Almost everyone in Pakistan at one in their life has received scam calls and messages — from those becoming a Benazir Income Support Programme beneficiary to those pretending to be from “sensitive” state institutions. With growing penetration of digital financial services, such incidents — referred to as social engineering — have gone up sharply.

The whole thing has become a serious headache for banks because these incidents erode customer trust and raise questions about their security vulnerabilities. However, unlike some other types of fraud, it can be tricky to determine the liability. Should the customer bear losses for, well, their naivety? Or do the financial institutions deserve the blame for not creating a robust cybersecurity structure?

Last week, we got somewhat closer to this answer as the State Bank of Pakistan warned financial institutions to “improve their digital fraud protection controls and processes by taking timely remedial and control preventive measures failing which they shall be held responsible for loss of any customer funds due to delay on their part.”

This comes just a month after guidelines on a Digital Fraud Prevention Policy for banks, which largely is built around the premise of making social engineering tougher. While no standardised data is available regarding the prevalence of this practice, Habib Bank Limited’s COO Sagheer Mufti was once quoted in 2021 about how it costs the industry over a billion rupees per year.

According to Banking Mohtasib, 18pc of complaints during Jan-March 2023 were related to fraud which is almost twice the share compared to the same period in 2021

We don’t really know where that number is coming from because, according to Banking Mohtasib reports, the annual “relief” granted to customers — also, the losses for banks — stay below a billion rupees. And that’s for all types of complaints, not just social engineering. Perhaps Mr Mufti was incorporating the expenses incurred by financial institutions as preventive measures — from upgrading the technology infrastructure to something as simple as an SMS cost.

That doesn’t reveal the extent of damage borne by the customers because 1) not all of them approach the Mohtasib 2) even those who do, may not necessarily get “relief”.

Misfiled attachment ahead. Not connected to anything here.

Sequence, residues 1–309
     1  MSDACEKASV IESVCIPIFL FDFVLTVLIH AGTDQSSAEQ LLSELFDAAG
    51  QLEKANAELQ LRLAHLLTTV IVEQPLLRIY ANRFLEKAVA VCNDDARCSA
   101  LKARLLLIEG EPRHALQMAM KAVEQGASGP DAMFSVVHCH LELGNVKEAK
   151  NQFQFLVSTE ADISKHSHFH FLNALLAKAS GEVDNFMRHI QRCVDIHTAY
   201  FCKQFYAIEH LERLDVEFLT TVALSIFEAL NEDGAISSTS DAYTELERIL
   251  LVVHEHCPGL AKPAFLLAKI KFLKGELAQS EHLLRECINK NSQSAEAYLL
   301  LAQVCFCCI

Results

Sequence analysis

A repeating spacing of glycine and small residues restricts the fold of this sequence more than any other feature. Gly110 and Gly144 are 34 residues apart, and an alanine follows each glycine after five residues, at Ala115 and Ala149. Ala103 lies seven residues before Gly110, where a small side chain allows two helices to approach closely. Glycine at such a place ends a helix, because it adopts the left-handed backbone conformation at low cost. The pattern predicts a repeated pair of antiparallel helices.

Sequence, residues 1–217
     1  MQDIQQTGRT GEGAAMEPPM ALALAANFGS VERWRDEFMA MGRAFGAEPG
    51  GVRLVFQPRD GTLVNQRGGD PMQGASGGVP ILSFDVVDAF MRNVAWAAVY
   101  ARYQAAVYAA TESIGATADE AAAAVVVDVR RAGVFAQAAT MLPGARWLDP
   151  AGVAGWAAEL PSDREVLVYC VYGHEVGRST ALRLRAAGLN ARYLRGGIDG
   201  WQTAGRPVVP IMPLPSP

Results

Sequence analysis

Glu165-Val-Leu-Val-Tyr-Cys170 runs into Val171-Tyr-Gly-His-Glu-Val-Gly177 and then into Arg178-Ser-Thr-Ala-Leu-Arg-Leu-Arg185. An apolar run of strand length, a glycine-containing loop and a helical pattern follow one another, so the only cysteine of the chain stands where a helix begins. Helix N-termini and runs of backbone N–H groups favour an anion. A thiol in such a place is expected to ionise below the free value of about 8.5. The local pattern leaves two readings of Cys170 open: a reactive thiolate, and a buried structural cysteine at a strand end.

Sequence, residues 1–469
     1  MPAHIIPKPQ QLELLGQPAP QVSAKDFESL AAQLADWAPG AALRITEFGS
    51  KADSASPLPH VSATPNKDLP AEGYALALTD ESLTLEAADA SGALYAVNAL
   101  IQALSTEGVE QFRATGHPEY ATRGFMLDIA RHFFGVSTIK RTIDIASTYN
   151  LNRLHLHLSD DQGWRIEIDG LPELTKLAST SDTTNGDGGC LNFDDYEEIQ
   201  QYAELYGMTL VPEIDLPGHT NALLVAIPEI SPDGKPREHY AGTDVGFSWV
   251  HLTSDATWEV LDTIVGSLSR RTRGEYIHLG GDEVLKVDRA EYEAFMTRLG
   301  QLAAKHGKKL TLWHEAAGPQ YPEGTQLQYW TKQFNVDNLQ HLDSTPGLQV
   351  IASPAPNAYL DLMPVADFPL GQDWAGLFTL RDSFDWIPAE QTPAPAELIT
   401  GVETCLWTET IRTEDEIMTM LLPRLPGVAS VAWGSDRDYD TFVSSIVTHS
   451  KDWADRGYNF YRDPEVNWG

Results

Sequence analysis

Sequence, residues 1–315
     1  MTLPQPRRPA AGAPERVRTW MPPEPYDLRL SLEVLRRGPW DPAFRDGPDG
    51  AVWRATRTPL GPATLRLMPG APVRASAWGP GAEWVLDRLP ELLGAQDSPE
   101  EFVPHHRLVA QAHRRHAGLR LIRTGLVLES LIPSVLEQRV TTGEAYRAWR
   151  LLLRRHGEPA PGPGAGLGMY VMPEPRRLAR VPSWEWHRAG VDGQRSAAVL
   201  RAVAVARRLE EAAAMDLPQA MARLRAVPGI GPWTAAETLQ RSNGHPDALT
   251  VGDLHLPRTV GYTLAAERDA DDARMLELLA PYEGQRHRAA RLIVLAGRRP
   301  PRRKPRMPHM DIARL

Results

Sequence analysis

According to the ombudsman’s latest report, there were 15,440 complaints in total during Jan-March 2023, with almost half new and the remaining carried from the last year. Of these, 18 per cent are related to frauds — which is almost twice the share compared to the same period of 2021.

Under this head, there were 1,038 complaints (some possibly carried forward) in 2022. This may seem like a gross understatement — technically underreporting as many Pakistanis have such little faith in state or affiliated institutions that they rather bear the loss than go through the humiliating experience of a public office. But the reason could possibly be the absence of standardisation of categories.

More than twice as many complaints — 2,574 — were received under “Internet Banking/Inter Bank Funds Transfers/E-commerce”, which may also include elements of social engineering. The actual number may still be much higher, at least going by social media anecdotes. In this context, the State Bank of Pakistan’s recent policy initiatives are welcome, for they lay out a comprehensive list of measures that need to be taken, which then becomes the criterion for determining responsibility.

The controls include two-factor authentication, in-app National Database Regulatory Authority biometric verification and restricting the manual entry of one-time passwords. It even proposes instructions on post-incident follow-up, stipulating a maximum time limit of 30 minutes in which financial institutions must raise the issue in their Fraudulent Transaction Dispute Handling system.

No longer will the banks be able to hide behind liability ambiguity. And the guidelines are fairly comprehensive too, such as the liability structure subsequent to a social engineering scam. For example, if a customer gets delayed transaction alerts — as is often the case with a particular tech company with a banking license that shall not be named — the financial institutions will be liable to compensate for the entire loss.

While indeed positive, don’t get your hopes up so soon. After all, the regulator puts out such guidelines on various topics every second month and quite often, nothing really comes out of it. Remember the financial inclusion or the banking on equality policies which had set out very specific targets for banks to meet? Don’t worry, no one does. The paper those documents were printed on is probably being used to serve samosas by a shop owner who is still out of the formal net.

Published in Dawn, The Business and Finance Weekly, May 22nd, 2023

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